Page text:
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Are You an MMOG Snob?

Richard Aihoshi Posted:
Columns The Free Zone 0

I wonder how many times I've seen people make absolute statements to the effect that "I'll never play a free to play game." And how often will this actually prove to be so? The last time I checked, never was a very long time. It's easy enough to believe things like "I'll never murder anyone", "I'll never be in favor of gay marriage" and "I'll never support abortion on demand". Such declarations are likely to be based on deeply held societal, group or personal values that aren't likely to change.

You can call me a faithless unbeliever if you like, but somehow, I can't give never playing a F2P anywhere near the same degree of credibility. Instead, I might compare it to never eating escargot or sushi. I think most people are sincere when they say rule out the possibility, but my expectation is that eventually, the majority will partake at least once. A fair number will even enjoy the experience and repeat it.

So, when I read or hear these unequivocal pronouncements, they can come across as being snobbish. Not all of them by any means, since it does depend on the context. However, it's not especially unusual to see some that can be interpreted as putting on airs or making a presumption of superiority. They seem to imply that F2P players are inferior or second-rate in some manner. It's as if they don't have enough sense to choose subscription, or that they fall short of attaining the ultimate level of MMOG l33tness. Of course, if we continue along this line of *ahem* thinking, the next extension is that the writer or speaker is among the smarter and/or the l33t.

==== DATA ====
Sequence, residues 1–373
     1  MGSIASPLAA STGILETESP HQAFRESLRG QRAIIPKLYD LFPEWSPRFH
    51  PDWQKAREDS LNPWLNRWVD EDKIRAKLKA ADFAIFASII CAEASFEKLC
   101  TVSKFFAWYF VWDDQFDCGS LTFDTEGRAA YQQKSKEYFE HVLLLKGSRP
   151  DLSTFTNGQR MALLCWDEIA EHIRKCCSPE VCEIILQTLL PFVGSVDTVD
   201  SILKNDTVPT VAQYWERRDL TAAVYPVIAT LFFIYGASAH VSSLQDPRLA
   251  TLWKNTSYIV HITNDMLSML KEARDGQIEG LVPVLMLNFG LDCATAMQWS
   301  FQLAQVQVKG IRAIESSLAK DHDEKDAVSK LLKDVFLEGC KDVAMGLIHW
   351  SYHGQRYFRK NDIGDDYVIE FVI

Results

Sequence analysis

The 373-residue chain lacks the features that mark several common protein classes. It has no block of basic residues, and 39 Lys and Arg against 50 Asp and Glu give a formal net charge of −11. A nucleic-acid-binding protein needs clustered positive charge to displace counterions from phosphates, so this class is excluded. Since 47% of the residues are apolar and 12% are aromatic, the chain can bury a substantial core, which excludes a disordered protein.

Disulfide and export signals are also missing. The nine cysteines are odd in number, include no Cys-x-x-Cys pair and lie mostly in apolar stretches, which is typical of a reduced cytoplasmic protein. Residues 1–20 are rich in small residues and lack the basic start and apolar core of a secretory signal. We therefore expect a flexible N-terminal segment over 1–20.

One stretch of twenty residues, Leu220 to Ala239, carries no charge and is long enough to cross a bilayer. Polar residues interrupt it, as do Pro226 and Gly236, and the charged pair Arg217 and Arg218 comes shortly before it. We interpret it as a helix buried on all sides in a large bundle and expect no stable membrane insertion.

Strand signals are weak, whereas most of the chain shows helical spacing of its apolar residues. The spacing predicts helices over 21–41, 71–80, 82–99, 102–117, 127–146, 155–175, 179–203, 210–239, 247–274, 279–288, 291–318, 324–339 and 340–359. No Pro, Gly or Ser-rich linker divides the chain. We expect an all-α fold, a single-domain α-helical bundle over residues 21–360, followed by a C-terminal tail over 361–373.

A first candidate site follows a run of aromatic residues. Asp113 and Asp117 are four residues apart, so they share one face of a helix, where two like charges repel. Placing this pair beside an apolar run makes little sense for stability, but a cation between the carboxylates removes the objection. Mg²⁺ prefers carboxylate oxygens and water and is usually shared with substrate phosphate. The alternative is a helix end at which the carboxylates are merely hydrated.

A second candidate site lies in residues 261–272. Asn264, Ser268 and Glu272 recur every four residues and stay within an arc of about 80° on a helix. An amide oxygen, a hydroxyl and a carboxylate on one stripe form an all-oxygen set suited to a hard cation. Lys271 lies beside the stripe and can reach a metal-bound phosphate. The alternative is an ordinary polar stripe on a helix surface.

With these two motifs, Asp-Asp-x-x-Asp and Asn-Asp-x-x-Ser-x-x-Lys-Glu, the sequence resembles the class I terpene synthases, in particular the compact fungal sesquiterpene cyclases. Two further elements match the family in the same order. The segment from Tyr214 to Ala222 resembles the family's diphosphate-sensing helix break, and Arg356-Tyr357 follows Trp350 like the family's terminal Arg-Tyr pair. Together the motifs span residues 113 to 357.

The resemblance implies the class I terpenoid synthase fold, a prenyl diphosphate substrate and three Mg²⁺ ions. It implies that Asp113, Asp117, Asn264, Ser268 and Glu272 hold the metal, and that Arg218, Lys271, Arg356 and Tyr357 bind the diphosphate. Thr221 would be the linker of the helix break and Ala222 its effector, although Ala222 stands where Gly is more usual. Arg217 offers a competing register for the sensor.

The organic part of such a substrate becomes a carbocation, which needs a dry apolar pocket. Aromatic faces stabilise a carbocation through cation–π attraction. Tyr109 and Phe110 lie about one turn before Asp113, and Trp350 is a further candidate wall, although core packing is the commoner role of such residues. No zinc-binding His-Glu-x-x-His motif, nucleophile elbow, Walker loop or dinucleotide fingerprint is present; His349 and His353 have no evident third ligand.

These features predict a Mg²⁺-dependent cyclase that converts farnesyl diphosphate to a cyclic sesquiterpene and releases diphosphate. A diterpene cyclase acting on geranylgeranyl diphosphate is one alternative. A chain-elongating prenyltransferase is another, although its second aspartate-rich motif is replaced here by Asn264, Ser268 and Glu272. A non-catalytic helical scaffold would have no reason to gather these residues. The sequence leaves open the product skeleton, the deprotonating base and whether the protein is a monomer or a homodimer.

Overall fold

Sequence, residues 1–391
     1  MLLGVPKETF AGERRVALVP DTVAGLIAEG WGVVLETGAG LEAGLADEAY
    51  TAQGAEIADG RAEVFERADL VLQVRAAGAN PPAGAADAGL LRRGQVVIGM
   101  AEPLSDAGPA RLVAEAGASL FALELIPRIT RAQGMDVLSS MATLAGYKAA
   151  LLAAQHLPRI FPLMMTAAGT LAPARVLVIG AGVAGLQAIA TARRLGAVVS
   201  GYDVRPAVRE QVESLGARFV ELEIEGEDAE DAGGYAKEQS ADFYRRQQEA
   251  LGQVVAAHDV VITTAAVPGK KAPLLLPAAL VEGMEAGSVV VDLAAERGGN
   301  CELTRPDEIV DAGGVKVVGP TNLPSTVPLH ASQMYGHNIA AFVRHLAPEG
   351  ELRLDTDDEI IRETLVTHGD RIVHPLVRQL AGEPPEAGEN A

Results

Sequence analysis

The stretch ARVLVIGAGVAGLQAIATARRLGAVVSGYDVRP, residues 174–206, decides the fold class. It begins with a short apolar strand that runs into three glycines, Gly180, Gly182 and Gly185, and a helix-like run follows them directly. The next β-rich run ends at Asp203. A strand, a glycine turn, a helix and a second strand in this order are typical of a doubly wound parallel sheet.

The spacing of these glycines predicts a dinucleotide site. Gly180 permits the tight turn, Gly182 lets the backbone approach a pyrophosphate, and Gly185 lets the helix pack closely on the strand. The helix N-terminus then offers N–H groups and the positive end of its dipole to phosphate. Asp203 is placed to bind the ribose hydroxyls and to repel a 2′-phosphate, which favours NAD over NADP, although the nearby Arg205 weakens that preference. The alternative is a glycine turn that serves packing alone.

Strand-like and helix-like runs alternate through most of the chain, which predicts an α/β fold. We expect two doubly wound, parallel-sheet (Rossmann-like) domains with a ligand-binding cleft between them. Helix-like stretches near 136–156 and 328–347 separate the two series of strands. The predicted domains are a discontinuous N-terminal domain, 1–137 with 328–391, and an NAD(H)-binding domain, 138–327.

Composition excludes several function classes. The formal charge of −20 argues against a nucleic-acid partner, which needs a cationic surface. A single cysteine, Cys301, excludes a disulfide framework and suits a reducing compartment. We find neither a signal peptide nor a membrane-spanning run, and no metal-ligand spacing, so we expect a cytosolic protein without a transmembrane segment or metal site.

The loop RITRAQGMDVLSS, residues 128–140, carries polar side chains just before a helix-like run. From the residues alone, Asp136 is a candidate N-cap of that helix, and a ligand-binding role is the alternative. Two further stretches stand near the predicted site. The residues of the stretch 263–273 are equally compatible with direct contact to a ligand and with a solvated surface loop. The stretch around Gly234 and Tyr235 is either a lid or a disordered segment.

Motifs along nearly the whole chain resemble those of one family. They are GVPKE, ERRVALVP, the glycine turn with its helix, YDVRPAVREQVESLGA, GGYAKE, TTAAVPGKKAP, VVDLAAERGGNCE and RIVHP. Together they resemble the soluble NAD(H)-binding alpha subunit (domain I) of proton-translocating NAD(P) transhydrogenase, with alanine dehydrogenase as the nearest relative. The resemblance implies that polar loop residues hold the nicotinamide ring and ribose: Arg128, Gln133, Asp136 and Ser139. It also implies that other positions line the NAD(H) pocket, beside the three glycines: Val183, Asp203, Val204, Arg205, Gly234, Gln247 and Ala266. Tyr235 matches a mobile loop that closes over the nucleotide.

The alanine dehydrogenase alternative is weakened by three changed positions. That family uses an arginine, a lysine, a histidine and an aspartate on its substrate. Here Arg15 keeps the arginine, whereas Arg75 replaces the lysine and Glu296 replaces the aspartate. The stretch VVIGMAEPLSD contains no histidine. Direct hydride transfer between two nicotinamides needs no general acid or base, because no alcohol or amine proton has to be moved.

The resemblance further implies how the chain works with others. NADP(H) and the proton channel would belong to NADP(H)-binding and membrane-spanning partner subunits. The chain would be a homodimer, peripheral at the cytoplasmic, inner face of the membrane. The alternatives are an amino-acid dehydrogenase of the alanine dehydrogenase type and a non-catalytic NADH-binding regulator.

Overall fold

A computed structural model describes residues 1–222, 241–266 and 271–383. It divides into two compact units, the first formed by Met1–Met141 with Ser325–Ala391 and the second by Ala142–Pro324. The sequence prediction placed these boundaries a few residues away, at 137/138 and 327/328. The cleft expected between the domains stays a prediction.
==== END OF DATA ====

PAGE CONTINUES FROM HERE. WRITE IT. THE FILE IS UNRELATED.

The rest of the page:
There are also times when I can't help but wonder if such convictions contribute to or even underlie the intensity with which some people object to item sales. The apparent basis is usually the presumption that developing your character by spending more time playing it is the good, right and natural order of the universe. That would mean anything else is somehow less worthy, even outright wrong.

This often manifests itself in reiterations of the old and increasingly tired "I can't compete unless I spend money" argument. So... what's your point? If you find certain games are like that and it doesn't sit right with you, simply avoid them. But honestly, does doing so mean you're a better gamer, or a smarter one? Or does it make you an MMOG snob?

Looking at a broader picture, there are also other ways you can be one. A fair number actually, and most have little or nothing to do with business models. For instance, there's the "I've played every MMOG" snob. This position has absolutely zero credibility. In order for it to be true, a person would have to have tried not just the hundreds that are available in English, but many more that are not. Even if we ignore the latter, it's still not believable.

Speaking of ignoring things, this can be reflected in another type of snobbishness. It's difficult if not impossible to deny the existence of a fairly common presumption here in North America that the US is the world's largest and most important MMOG market. I truly don't know why it's apparently so important for some people to believe this. If it's true, it doesn't change me in any way, either for the better or the worse. So I simply don't care, which means I'm willing to consider other possibilities.

Numerically, there's no doubt China is the world's largest market; more people there play MMOGs than in the US or anywhere else. This has been so for at least two or three years. I can hear the hue and cry already - "but that's just because of the population". Again, what's your point? The US is a bigger market than say Canada because it has a larger population. Why is that perfectly fine while China being larger somehow isn't? Also, if we take a closer look, China had more MMOG players before its internet user base surpassed that of the US, which only happened last year.

"Okay, but the US is still far larger in dollars." Umm, maybe not. The available research is limited and not necessarily conclusive, but it's quite possible China attained the highest value in 2009. If not, it's a pretty much a slam dunk to occur this year due to the sizable disparity between the two countries' projected market growth rates.

I expect some people will immediately dismiss this with no basis except that they don't want to believe it. Like it or not, that means they're MMOG snobs. Thankfully, I'm confident most people who read this column are more open-minded.


Richard Aihoshi

Richard Aihoshi / Richard Aihoshi has been writing about the MMOG industry since the mid-1990s, always with a global perspective. He has observed the emergence and growth of the free to play business model from its early days in both hemispheres.